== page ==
Nobody is this stupid! We supposedly live in a free country. With freedom comes choice. If I feel that I need protection driving to work, the last thing I’m going to do is walk, bike or take the bus. The whole idea is choice. Chapman and the rest want to take away my choice to drive to work and be safe while doing it. He wants to strip me of my rights in order to support some fanciful notion that a concealed carry permit holder is going to kill someone.

This isn’t about rights and it isn’t about he Second Amendment. It’s about having control over the people. Chapman goes even further in making absurd statements in his argument.

For some people, being temporarily deprived of a firearm creates great anxiety. But for those with a strong aversion to guns, working at a company that allows weapons in cars has the same effect. In a free society, both sets of employees can solve the problem with a simple expedient: exercising their liberty to find a company whose policies suit their preferences.

Unbelievable! I’ll wager that Chapman agrees with the ban on smoking in restaurants and other places of employment. He probably also thinks he and the government should tell restaurants what kind of food they can cook. Yet, he has the audacity to set a double standard by suggesting that we should be able to exercise our liberties by finding another place to work that allows guns. When that tactic was tried with the smoking issue, it was null and void because an employee has a “right” choose where he works not based on who allows smoking and who doesn’t.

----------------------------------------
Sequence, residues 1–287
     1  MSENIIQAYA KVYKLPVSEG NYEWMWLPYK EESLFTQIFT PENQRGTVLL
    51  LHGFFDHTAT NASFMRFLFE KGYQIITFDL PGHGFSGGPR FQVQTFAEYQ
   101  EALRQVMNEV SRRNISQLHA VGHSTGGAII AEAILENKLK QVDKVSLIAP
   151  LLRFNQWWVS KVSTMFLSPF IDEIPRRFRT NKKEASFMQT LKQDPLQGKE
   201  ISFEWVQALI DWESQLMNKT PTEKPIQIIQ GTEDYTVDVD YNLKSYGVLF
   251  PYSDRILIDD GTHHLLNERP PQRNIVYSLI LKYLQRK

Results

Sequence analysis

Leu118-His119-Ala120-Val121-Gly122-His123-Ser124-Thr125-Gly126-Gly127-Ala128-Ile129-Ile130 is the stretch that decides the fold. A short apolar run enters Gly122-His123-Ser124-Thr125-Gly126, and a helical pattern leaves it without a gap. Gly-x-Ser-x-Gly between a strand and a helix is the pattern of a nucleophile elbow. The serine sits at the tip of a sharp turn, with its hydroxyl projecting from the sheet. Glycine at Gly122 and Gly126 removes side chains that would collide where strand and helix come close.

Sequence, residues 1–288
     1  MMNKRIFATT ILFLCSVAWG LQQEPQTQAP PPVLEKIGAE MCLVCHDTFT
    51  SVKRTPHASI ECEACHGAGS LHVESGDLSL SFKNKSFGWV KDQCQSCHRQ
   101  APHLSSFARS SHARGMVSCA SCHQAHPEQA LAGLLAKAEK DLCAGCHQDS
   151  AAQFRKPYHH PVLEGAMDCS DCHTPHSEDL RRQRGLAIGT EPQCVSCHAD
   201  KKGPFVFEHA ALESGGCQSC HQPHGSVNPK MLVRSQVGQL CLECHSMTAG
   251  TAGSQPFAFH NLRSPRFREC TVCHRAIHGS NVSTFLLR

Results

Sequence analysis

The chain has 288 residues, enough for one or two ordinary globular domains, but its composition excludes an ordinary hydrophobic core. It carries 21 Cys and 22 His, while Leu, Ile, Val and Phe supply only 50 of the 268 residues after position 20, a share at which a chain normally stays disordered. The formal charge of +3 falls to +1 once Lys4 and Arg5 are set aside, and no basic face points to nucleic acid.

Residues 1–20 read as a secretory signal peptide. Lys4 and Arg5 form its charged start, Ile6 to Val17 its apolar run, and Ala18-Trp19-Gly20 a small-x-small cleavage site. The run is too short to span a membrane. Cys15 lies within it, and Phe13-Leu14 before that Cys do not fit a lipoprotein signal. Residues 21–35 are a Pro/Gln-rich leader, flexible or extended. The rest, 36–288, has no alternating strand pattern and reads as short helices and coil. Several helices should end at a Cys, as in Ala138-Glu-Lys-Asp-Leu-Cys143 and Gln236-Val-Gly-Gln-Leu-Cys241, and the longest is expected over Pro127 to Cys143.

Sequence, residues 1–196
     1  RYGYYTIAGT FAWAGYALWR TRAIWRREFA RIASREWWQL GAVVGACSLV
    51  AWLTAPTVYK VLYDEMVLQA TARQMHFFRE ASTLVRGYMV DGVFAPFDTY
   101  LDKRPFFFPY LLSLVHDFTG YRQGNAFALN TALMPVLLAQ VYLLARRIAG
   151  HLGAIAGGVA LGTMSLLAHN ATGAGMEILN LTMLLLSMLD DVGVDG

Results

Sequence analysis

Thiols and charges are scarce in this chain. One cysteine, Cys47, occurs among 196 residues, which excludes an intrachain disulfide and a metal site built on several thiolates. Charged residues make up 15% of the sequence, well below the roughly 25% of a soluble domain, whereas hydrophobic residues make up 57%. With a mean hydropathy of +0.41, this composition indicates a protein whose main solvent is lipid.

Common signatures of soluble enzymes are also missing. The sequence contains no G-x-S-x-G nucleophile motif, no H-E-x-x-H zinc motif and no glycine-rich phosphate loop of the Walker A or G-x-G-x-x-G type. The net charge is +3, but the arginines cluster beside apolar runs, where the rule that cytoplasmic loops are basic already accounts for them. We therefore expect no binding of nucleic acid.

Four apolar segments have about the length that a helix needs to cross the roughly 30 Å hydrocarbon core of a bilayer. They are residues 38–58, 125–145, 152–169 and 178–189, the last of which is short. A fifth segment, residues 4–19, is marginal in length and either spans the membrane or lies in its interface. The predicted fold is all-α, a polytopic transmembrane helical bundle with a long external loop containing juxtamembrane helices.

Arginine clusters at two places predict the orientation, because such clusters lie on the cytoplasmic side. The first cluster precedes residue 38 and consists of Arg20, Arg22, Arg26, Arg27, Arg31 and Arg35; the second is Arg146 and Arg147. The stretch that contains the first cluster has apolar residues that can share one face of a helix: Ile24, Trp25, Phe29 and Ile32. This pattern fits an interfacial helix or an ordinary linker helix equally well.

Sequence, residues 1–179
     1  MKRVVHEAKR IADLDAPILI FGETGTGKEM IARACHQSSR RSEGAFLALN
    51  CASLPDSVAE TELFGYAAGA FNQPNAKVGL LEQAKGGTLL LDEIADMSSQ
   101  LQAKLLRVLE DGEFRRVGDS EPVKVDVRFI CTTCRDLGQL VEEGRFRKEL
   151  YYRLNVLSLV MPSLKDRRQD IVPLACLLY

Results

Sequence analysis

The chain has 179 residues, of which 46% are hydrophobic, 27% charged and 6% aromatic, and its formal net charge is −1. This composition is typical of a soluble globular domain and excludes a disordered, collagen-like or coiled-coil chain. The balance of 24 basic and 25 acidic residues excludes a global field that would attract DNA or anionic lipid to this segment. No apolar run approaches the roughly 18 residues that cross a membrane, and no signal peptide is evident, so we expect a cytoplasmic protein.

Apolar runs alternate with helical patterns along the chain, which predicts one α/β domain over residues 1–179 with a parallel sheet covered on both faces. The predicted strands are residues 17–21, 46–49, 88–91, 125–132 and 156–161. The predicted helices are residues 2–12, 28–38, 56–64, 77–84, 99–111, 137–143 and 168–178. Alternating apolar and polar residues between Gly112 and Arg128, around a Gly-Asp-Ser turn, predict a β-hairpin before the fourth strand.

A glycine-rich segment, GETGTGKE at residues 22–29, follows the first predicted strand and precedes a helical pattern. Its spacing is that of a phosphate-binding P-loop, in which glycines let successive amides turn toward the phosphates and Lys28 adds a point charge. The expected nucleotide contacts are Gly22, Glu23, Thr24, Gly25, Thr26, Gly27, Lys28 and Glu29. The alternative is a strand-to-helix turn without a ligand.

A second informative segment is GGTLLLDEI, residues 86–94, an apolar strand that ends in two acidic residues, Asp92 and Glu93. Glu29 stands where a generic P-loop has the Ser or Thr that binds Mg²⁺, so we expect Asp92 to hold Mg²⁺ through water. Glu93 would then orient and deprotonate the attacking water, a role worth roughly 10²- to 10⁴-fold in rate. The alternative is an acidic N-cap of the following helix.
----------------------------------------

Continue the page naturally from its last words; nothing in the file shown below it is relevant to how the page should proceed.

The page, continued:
So what’s it going to be? Are we going to go ahead and say that the owner of a business has more property rights than the owner of a car? Where in our constitution does it begin spelling out priorities in rights? Is there some kind of list that places certain types of people and businesses higher up so they get more rights than the lowly employee?

Chapman even admits that the type of crimes he is afraid of rarely happen but somehow he believes the business owner should have the right to tell me what I can keep in my car.

Given that crimes by permit holders are exceedingly rare, the employers who want to ban guns may be running from shadows. But decisions about their safety, and that of their customers and employees, should be theirs to make.

Because I choose to work for a company, the “right” to protect me should now be left up to he business owner? Sure we all want a safe work environment, i.e. clean air, safe equipment, etc., but what else will the employer have the “right” to protect me from? Driving in fast moving traffic? Breathing in dirty air? Eating the wrong foods? Being too fat? Being a smoker?

I think Chapman might be forgetting something. Isn’t is supposed to be my right to self-protection? I’m an American. Why should I have to have him or anyone else be responsible for my safety and protection? I don’t want his protection and I don’t want that of my employer and as an American, my constitution guarantees me that right…… not my employer.

This is a rights issue and one that deals with property rights. An employer does not have more rights than I do. How arrogant to think that a business owner has the “right” to protect his employees beyond any reasonable responsibility to do so.

Tom Remington